What Does the Future Hold in Store for VPN Services?

The recent rash of high-profile breaches, privacy scares, and unfavorable legislation have resulted in an unwelcoming online ecosystem for consumers. With users’ data in peril and a real need to protect themselves in a world they can no longer avoid, VPNs have become a go-to solution to privacy and access concerns. Even so, an ecosystem that was recently thriving for the sector has quickly shifted.

VPNs currently face several questions and problems that could redefine the market for the foreseeable future. The rise of the massive data breach—of which there are countless examples in the past year alone—means users must become anonymous just to protect their data. Increasing privacy concerns, exemplified by new laws and regulations passed as well as more observant governments, require users to mask their trails. Even so, these changes are also shaping the market itself, creating new difficulties and new opportunities.

A Challenging Outlook

The cybersecurity and digital privacy conversations have taken on a more urgent tone in 2019. After a year that saw Facebook embroiled in several embarrassing privacy scandals, multiple major breaches that affected millions of users, and legislation that is decidedly anti-privacy, VPNs face a challenging road ahead.

One of the biggest recent challenges to privacy is the turn toward anti-privacy and pro-ISP legislation in the US. The 2017 passage of a bill that eliminates a requirement for ISPs to gain explicit consent before sharing user data means that users’ private information is more at risk than ever, allowing ISPs to do whatever they please with users’ data.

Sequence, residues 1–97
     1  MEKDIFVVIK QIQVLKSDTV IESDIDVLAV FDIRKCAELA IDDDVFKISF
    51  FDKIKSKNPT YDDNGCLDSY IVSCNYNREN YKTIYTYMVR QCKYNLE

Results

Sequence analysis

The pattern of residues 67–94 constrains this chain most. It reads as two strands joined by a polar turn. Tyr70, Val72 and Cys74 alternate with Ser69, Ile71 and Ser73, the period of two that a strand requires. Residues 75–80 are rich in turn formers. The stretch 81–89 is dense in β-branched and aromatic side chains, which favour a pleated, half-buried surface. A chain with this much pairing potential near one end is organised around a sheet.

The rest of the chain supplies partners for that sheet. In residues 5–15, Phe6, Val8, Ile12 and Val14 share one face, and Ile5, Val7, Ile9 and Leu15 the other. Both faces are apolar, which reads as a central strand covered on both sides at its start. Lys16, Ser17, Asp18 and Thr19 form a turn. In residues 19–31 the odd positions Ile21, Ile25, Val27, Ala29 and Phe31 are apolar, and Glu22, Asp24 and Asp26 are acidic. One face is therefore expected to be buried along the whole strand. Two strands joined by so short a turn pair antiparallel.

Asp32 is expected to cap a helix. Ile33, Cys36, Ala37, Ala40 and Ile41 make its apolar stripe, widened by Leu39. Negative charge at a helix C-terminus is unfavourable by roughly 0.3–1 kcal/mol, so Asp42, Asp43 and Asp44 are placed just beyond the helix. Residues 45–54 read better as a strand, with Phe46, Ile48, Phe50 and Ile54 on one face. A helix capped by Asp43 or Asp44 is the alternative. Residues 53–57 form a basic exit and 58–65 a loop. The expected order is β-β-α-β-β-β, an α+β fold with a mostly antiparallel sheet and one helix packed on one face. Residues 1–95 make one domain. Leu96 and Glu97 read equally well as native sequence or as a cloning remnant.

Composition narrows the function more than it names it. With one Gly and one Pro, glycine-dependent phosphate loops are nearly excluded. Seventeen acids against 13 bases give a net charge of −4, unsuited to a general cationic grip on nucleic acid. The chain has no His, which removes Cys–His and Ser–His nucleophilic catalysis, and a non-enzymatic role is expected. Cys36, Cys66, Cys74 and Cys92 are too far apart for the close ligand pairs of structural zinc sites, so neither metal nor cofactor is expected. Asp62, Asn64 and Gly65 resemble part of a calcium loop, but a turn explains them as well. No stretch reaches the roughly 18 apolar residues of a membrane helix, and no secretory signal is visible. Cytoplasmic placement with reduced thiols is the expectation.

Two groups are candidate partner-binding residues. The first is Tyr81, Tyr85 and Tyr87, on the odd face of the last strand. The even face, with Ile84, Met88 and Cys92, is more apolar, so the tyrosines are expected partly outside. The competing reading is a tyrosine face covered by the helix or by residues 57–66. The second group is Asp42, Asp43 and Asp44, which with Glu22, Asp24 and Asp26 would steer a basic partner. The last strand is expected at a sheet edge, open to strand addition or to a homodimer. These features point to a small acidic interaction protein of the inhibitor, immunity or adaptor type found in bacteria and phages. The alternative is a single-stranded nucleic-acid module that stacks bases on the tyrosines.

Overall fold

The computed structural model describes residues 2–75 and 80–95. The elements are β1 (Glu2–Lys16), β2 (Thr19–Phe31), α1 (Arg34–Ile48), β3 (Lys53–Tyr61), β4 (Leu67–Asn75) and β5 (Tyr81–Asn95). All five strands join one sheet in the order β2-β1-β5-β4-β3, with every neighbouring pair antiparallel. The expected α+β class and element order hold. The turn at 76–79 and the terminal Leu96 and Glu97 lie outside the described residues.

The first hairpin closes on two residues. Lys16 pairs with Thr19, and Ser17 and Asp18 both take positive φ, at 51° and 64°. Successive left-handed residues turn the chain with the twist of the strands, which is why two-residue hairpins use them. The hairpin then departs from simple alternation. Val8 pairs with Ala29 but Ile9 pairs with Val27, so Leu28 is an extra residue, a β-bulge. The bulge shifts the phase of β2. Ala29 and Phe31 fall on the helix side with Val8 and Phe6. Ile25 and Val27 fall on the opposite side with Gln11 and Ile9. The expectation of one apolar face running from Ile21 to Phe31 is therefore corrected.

Additionally, the US and several other countries have taken a stronger stance against VPNs. Countries like China, Russia, Turkey, and Iran already ban their use, but even in the US corporations and ISPs can blacklist VPN services and their IP addresses. This leaves VPNs—who largely advertise on the promise of offering workarounds to pesky georestrictions—in a bind.

New Opportunities Abound

Even so, the VPN market is well positioned to take advantage of the current climate. Despite the efforts of both governments and private corporations to constantly block out and blacklist VPN services, the sector has found technological workarounds. New methods like protocol obfuscation—which hide a VPN’s distinctive trail—and smart routing, which automatically connects users through the best servers, mean that VPNs can easily move past security blocks.

Moreover, the same nations that attempt to block VPN services continue to implement some of the most repressive regimes on freedom of expression. Though this poses a challenge for smaller VPNs, major platforms, HMA is a well-known one for instance, can still provide citizens with an important voice and access to the rest of the world.

As more people also migrate to mobile—a trend that has been ongoing for years—the risks that VPNs protected them from have also made the move. Users now require ways to keep their mobile browsing and activities safe and private from hackers and other prying eyes. VPNs have also started embracing the mobile sector, tailoring their existing tools to include things like Wi-Fi network security, network access control, and even built-in cloud backups for added security.

Most importantly, the current trend of governments’ cavalier attitude toward citizens’ digital privacy, from the above-mentioned US law to the UK’s systematic attempts to erode privacy rights, will continue encouraging every user to mask their online activities and hide their data from prying government agencies.

One of VPNs’ biggest benefits, in addition to masking their users’ IPs, is that many of them keep no records or logs of users’ activities. As governments more aggressively pursue this data, VPN services that stand fast are likely to become increasingly popular.

VPNs Are Here To Stay

Despite the growing uncertainty in cybersecurity and privacy, VPNs’ mission remains highly relevant. As long as consumers continue to require protection and ways to avoid surveillance, data mining, and worse, there will still be a need for VPNs to provide an easy and effective means of defense.

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